There are many reasons for this relative decline, but the main one has been the switch from coal to oil as a source of energy. In 1913 we exported 77 million tons of coal, mostly in our own ships, well over twice the weight of our total exports last year, though of course only a fraction of their value. By 1938 the figure was down to half of this, and by 1967 it had dropped to less than 2 million tons. By contrast, our imports of oil and oil products have risen in weight by over eight times since 1938 to the present figure of well over 90 million tons. In these 30 years we have changed from being exporters of one form of energy to being importers of another, and on even a vaster scale. So it is not surprising that the pattern of our shipping operations, and the nature of the ships themselves, should have changed. It is significant, too, that the countries whose fleets have increased at a faster rate than ours are for the most part untrammelled by the demands and precedents of other industries.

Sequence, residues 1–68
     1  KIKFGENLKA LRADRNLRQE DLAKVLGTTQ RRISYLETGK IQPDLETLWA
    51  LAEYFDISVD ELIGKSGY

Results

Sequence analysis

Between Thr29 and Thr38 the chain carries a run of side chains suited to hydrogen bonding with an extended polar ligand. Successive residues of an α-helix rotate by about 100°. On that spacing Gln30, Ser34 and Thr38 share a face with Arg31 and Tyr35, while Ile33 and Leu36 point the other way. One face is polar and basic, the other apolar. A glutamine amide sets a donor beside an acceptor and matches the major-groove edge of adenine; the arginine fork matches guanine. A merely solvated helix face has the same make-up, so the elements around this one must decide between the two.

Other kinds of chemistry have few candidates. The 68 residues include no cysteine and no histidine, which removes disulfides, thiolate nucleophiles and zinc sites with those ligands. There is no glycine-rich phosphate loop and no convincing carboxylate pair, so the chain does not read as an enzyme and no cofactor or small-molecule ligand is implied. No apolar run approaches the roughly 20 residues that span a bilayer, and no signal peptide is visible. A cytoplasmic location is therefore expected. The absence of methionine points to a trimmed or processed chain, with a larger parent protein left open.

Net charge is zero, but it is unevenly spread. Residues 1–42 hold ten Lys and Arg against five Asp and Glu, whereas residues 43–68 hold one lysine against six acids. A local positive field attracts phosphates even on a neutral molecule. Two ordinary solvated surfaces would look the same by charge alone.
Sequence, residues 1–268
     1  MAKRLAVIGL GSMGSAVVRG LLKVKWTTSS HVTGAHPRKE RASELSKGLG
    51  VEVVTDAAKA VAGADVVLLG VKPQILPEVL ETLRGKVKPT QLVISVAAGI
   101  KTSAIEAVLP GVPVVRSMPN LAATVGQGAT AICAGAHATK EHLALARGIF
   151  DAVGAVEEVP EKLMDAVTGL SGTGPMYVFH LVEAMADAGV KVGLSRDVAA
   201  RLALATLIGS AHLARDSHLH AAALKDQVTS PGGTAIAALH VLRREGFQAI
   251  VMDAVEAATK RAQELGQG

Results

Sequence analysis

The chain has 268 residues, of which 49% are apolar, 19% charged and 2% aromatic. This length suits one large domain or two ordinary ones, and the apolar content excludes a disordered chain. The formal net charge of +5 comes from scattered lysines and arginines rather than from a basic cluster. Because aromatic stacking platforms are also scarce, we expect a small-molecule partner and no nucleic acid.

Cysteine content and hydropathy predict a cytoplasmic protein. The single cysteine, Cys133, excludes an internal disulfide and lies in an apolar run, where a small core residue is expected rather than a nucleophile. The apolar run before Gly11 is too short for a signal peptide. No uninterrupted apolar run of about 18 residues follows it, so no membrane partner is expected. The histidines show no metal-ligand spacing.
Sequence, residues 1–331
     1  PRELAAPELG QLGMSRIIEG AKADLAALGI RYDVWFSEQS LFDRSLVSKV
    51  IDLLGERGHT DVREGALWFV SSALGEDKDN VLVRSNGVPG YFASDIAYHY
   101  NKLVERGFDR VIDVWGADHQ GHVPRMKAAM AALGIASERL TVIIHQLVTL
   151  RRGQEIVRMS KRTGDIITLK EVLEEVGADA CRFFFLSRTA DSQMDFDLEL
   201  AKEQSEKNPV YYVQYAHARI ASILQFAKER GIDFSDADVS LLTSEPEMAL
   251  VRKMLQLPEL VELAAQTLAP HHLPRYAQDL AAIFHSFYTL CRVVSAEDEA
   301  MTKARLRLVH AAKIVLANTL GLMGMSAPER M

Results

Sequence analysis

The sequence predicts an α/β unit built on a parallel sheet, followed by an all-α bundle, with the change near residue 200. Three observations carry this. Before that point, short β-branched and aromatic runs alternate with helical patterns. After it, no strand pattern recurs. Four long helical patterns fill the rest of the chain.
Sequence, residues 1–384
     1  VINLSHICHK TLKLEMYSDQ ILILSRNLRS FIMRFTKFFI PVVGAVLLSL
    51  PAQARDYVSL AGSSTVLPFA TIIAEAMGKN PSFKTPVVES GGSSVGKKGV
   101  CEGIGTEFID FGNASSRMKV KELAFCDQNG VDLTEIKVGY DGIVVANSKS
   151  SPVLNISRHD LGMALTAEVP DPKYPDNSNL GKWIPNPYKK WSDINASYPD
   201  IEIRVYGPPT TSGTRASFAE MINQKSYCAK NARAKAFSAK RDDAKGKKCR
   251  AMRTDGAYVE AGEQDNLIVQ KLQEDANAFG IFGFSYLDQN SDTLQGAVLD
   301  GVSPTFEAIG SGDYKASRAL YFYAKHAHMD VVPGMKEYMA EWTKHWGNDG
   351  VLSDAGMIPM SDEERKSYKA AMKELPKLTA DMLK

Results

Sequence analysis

Nevertheless, our shipping industry continues to play an unobtrusive but vital part in our economy as, in almost every sense, an invisible exporter It is sometimes difficult to grasp what those words mean, and perhaps an example might help. Last week, a 20,000 ton British flag ship of my own company brought a cargo of oil into London. She last sailed from a British port in December, 1962. During these 5¼ years she steamed over 390,000 miles or, to put it another way, she carried roughly 8 million ton-miles of cargo, and always in the so-called cross trades far away from home. She has been truly an invisible exporter during the whole of that time.